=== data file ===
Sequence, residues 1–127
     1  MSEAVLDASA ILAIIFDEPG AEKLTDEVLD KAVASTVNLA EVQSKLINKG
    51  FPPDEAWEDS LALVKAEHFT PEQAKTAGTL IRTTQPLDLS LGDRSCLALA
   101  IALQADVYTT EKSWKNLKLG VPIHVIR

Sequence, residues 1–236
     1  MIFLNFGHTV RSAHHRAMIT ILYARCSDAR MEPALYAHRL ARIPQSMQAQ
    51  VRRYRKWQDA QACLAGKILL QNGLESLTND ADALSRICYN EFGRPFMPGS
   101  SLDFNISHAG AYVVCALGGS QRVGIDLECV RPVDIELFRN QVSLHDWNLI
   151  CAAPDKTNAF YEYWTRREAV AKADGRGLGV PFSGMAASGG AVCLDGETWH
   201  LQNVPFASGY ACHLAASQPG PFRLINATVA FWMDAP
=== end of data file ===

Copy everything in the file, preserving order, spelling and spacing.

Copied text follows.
Sequence, residues 1–127
     1  MSEAVLDASA ILAIIFDEPG AEKLTDEVLD KAVASTVNLA EVQSKLINKG
    51  FPPDEAWEDS LALVKAEHFT PEQAKTAGTL IRTTQPLDLS LGDRSCLALA
   101  IALQADVYTT EKSWKNLKLG VPIHVIR

Sequence, residues 1–236
     1  MIFLNFGHTV RSAHHRAMIT ILYARCSDAR MEPALYAHRL ARIPQSMQAQ
    51  VRRYRKWQDA QACLAGKILL QNGLESLTND ADALSRICYN EFGRPFMPGS
   101  SLDFNISHAG AYVVCALGGS QRVGIDLECV RPVDIELFRN QVSLHDWNLI
   151  CAAPDKTNAF YEYWTRREAV AKADGRGLGV PFSGMAASGG AVCLDGETWH
   201  LQNVPFASGY ACHLAASQPG PFRLINATVA FWMDAP